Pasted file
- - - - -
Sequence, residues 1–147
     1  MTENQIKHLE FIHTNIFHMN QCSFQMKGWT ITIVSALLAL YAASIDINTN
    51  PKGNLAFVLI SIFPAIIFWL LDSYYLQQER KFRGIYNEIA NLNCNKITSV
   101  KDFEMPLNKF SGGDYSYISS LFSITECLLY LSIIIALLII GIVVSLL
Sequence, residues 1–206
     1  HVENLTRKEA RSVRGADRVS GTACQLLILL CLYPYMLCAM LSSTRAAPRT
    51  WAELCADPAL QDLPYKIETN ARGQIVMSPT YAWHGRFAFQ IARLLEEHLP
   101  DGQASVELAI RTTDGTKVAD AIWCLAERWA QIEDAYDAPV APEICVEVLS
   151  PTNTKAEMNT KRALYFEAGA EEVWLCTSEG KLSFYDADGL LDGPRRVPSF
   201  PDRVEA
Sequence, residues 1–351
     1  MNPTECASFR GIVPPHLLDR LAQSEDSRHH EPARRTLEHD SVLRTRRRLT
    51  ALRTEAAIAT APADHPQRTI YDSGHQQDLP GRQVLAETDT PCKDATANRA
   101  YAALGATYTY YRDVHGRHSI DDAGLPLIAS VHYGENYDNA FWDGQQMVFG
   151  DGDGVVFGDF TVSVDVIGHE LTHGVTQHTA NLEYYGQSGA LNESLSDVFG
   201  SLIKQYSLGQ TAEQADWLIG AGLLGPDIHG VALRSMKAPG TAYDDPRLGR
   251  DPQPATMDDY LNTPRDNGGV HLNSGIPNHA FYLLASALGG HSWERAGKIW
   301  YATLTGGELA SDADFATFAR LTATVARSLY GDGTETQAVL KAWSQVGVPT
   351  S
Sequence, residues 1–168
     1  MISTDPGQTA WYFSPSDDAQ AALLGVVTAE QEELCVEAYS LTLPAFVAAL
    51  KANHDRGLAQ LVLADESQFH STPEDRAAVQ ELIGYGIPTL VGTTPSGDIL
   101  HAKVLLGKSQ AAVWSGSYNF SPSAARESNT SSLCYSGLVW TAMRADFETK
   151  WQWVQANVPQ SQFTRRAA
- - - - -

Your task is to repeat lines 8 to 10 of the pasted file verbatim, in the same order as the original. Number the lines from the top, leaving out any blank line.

   101  DGQASVELAI RTTDGTKVAD AIWCLAERWA QIEDAYDAPV APEICVEVLS
   151  PTNTKAEMNT KRALYFEAGA EEVWLCTSEG KLSFYDADGL LDGPRRVPSF
   201  PDRVEA